How is the concept of masculinity presented in The Tempest?

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In The Tempest, masculinity is presented as having power over events and other people in one's environment.

As such, Prospero is the chief figure of masculinity in the play. The implication is that he once forfeited some of his masculine powers by becoming too involved in books while Duke...

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In The Tempest, masculinity is presented as having power over events and other people in one's environment.

As such, Prospero is the chief figure of masculinity in the play. The implication is that he once forfeited some of his masculine powers by becoming too involved in books while Duke of Milan, allowing his brother to seize the kingdom. However, once Prospero arrives on the deserted island, he fully exercises his patriarchal prerogative by taking control of his surroundings. He does not rule the island co-equally with Caliban and Ariel, despite their being native inhabitants and having gifts and powers of survival. Instead, he takes charge and enslaves the two so that they are forced to bend to his will. He also, as one might expect, takes charge of his young daughter.

Prospero uses his magic to control his habitat and, when his friends and enemies shipwreck on the island, he is well poised to become the in-charge patriarch pulling all the strings. He is the only one who fully knows what is going on and, as such, manages to orchestrate events to suit his will.

However—and this is where it gets most interesting—at the end of the play, Shakespeare defines masculinity to include mercy. When Ariel feels sorry for the humans on whom Prospero has planned to wreak revenge, Prospero takes heed of Ariel's example and decides he will forgive and forget. Shakespeare very pointedly shows that a mature masculinity might have power but also chooses to refrain from using it in a vindictive and destructive way. Masculinity is being in control, but it is also being merciful.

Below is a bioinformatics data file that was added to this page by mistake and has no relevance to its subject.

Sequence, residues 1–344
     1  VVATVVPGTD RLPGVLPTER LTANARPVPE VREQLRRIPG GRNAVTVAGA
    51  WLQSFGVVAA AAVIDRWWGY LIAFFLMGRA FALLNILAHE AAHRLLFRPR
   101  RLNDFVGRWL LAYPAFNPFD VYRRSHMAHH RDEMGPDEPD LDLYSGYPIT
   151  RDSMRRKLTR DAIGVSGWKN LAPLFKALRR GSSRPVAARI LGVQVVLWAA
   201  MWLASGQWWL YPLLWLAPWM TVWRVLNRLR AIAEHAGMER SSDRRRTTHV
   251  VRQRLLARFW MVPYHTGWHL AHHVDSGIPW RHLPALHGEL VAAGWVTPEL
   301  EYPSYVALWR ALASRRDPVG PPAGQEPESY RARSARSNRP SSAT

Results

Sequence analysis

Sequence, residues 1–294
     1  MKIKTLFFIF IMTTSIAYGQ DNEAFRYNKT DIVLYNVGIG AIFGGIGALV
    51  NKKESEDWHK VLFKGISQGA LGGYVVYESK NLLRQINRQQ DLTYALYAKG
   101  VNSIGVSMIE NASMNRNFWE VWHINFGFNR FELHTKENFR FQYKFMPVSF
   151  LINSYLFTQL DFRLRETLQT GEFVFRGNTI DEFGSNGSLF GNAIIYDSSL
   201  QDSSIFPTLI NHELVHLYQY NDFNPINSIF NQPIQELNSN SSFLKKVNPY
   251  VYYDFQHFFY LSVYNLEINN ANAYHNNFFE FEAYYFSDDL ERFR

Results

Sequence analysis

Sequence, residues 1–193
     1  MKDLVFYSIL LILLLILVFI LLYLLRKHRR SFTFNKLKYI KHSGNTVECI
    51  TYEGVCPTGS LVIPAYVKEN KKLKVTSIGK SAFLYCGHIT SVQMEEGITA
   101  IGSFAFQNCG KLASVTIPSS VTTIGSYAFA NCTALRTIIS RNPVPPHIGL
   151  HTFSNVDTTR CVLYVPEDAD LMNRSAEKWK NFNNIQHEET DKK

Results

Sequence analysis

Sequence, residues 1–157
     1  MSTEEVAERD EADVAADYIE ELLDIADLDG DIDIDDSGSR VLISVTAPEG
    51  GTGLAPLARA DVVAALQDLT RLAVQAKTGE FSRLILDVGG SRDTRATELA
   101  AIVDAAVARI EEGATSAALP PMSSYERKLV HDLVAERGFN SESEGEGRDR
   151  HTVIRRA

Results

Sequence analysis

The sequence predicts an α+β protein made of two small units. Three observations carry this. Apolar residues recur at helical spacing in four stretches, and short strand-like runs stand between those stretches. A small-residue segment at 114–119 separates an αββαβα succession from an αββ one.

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In protecting Miranda from seeing men, her father Prospero creates a sort of blank slate for her perceptions of the opposite sex. Prospero is a fatherly archetype: wise and kind but also aloof and distracted by his own concerns. But the inhabitants of the barren landscape are male archetypes as well: Caliban is ugly, a "monster" and thus could be said to address Miranda's apprehension of male sexuality. Ariel is often portrayed as androgynous or sexless; this archetype allows the posisbility that Miranda can develop both gendered sides of her nature, to find the male qualities within herself. When men (sailors) finally do arrive on shore, Miranda refers to the "brave new world" which has such creatures in it: this confirms the positive result of sexual balance, the presence of both genders completing Miranda's world and offering a hopeful vision of the future.

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